You are powering your way up a difficult route and you reach the crux. The next hold is just out of reach. Then, you spot a far-off foothold that should set you up to snag the grip. You stem your foot out and lock in a solid heel hook, preparing to crank. You take a deep breath, tighten the muscles in the back of your thigh, dig your heel deeply into the hold, and reach for the next handhold. Your hamstring starts to tighten, and before you know it, it seizes up. Suddenly you are airborne. Not only did you blow the crux move, but you strained your hamstring muscle at the same time.
What could you have done to prevent this injury? By knowing the anatomy of the lower leg, some simple movement tips, and a strengthening exercise for the hamstring muscle, you can prevent the likelihood of a hamstring strain during a heel hook.
The hamstring muscles in the back of the thigh start at the bottom of your pelvis and insert below the knee joint. Their primary action is to bend your knee. The hamstrings are used while climbing for specialized moves such as a heel hook (shown below) in which you hook your heel on a hold and bend your knee to pull your center of mass into the wall. Not only do heel hooks pull you closer to the wall, they also help in increasing overall body tension, unloading the weight from the arms, and in extending your reach.
Injuries are common during a heel hook, since it recruits muscles that aren’t often trained while climbing. So, check out the movement tips and the recommended exercises below, demonstrated by professional climber Sasha DiGiulian, to dial in your heel-hooking technique and avoid the dreaded hamstring strain.
When heel hooking, you want to maximize the surface contact of your heel to the hold. Analyze the contours of the hold and look for spots where your heel will catch. Once you have targeted the spot you want to contact, tighten your gluteal muscles and press your heel into the contour of the hold. By first engaging your gluteal muscles, you can minimize the work needed from the hamstrings, which are more prone to cramping. Once your heel is stabilized, engage your hamstrings by pulling your heel into the hold. Maintain the pull until you reach your next handhold. To add some extra force to the heel hook, point your toes downward. This engages the calf (gastrocnemius muscle), which crosses the knee joint and can assist in flexing the knee.
Heel hooking is not just about having strong gluteal and hamstring muscles. You will often need to heel hook in varied positions that challenge your flexibility. Some heel hooks may be at your waist, chest, or even shoulder height. If you know the limits of your flexibility and are smart when choosing to perform these moves, you can minimize your injury risk. Adding hip-mobility stretches to your warm-up routine before getting on a route that utilizes heel hooks can free up your hip motion to allow you to access difficult heel-hook positions with less strain. The exercise below is a sample hip-mobility exercise you can use to warm-up prior to heel hooking.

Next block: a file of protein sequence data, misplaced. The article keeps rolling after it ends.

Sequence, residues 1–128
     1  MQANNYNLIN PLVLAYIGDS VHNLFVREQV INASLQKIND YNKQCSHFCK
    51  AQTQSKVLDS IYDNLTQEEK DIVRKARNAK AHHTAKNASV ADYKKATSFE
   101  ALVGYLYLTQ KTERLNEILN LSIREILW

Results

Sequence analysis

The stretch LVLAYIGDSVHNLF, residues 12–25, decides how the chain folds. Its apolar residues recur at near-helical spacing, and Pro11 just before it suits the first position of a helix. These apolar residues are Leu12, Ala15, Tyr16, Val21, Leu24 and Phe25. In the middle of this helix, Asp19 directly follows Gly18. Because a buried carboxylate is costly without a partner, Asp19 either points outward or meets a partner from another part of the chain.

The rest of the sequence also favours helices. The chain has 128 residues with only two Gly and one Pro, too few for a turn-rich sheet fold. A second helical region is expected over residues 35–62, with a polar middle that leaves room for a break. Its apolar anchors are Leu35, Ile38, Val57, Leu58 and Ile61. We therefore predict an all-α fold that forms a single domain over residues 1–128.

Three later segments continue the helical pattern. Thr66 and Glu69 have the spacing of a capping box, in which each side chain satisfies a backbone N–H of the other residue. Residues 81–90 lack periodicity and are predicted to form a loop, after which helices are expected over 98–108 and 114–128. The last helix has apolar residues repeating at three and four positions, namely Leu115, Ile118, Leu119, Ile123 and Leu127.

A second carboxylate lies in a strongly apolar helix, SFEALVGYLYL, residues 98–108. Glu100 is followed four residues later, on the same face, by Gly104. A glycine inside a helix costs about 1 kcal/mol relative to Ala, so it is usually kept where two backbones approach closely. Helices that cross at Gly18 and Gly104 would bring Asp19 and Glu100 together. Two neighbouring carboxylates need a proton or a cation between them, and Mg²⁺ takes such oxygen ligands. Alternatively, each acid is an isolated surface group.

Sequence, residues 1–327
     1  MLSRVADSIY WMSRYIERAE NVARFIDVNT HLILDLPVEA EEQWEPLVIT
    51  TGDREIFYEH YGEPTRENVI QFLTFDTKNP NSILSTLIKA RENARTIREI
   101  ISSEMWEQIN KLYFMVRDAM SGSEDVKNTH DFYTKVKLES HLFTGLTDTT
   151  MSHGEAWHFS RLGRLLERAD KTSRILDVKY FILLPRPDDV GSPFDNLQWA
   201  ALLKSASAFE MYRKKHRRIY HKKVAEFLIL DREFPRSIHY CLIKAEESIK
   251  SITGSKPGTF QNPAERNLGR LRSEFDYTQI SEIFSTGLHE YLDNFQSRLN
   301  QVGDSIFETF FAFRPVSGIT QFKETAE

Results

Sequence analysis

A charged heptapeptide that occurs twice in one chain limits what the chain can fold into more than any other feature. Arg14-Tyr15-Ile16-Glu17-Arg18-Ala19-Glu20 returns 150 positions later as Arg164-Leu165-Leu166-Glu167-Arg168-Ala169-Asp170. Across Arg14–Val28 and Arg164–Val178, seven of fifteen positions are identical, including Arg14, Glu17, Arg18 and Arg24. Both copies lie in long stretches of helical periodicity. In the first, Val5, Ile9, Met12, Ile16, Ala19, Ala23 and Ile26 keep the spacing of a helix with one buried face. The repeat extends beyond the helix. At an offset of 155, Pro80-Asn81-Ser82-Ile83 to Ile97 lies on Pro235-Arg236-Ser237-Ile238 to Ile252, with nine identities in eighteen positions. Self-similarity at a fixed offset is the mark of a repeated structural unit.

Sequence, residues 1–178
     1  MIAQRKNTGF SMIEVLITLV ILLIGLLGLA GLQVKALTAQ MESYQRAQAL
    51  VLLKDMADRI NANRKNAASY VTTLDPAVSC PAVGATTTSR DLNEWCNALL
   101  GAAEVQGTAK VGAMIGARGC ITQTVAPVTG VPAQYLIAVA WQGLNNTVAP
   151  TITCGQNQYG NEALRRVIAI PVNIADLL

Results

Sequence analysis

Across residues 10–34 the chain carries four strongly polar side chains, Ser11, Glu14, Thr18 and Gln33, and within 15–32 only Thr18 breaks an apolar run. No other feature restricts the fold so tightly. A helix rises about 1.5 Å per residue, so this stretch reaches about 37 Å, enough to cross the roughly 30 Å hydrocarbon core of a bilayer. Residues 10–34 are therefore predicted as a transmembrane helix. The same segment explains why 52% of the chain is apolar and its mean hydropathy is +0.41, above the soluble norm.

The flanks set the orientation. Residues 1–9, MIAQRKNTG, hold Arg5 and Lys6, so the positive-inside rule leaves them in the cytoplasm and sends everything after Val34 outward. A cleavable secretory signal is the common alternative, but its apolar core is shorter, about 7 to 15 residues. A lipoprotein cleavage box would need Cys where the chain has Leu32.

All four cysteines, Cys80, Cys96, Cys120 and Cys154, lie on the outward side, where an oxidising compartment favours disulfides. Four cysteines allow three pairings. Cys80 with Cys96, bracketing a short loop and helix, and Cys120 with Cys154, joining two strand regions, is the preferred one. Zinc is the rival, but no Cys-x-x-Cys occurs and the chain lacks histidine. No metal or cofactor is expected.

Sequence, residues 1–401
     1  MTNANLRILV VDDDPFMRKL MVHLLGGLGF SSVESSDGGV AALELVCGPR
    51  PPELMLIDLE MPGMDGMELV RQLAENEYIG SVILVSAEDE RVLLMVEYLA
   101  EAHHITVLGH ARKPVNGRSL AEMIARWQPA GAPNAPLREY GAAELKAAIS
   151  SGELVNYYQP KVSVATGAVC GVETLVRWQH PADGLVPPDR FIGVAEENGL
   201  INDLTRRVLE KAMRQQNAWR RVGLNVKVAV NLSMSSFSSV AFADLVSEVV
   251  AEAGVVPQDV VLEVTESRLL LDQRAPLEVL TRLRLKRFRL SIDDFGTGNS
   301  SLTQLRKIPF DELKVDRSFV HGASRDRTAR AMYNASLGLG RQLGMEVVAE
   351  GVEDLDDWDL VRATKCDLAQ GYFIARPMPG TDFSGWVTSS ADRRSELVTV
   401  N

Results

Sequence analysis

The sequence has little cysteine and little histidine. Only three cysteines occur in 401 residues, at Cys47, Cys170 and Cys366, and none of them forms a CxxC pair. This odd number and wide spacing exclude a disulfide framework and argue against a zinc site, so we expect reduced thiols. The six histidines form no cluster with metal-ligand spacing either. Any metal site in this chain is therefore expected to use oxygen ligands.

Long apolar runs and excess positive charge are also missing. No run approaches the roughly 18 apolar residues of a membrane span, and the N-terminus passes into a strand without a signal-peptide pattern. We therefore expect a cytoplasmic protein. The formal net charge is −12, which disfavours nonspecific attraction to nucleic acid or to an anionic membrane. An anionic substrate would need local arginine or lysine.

Recommended Exercise: Hamstring Ball Curls
Perform the exercise below to improve and reinforce the movement pattern of heel hooking. This exercise engages your hamstrings muscles to increase your ability to perform a strong heel hook. In addition, by lifting the hips higher, it also strengthens the gluteal muscles, which can help take the load off the hamstring when heel hooking. To increase the challenge, try this exercise with just one leg.
- Start lying on your back with your heels propped on an exercise ball.
- Push both hips toward the ceiling; focus on keeping a flat back and not hyperextending at your low back.
- Keep your hips off the ground as you slowly roll the ball toward your butt.
- With control, slowly push the ball away from your butt as you fully extend your knees.
Vary the exercise by performing isometric holds to improve your heel-hooking strength and endurance.
3 sets of 15 repetitions
What It Does
Trains your gluteus maximus, hamstring muscles (semitendinosus, semimembranosus, and biceps femoris) and calf (gastrocnemius). These are the main muscles in the leg responsible for heel hooking.
You will need an exercise ball.
Prop your heels onto a bench if you don’t have an exercise ball.
Level-Up: Single Leg Hamstring Ball Curls
- Prop only one foot onto a Swiss ball
- Keep the other knee bent (easier) or extended (harder) and aligned with your hip
Dr. Jared Vagy, a doctor of physical therapy and an experienced climber, has devoted his career and studies to climbing-related injury prevention, orthopedics, and movement science. He authored the Amazon best-selling book Climb Injury-Free, and is a frequent contributor to Climbing Magazine. He is also a professor at the University of Southern California, an internationally recognized lecturer, and a board-certified orthopedic clinical specialist.
For more injury-prevention tips like this one, take Dr. Vagy and Climbing Magazine’s 8-week AIM Adventure U course Strength Training for Injury Prevention. You’ll learn how to avoid common climbing injuries by strengthening your shoulders, wrists, fingers, hips, knees, ankles, and abs. With the help of pro climber Sasha DiGiulian, Climbing Magazine and Dr. Vagy take you through world-class warmups, workouts, and techniques to strengthen your upper body, lower body, and core. Best of all, this 8-week course only costs $100, and you can take it over and over again.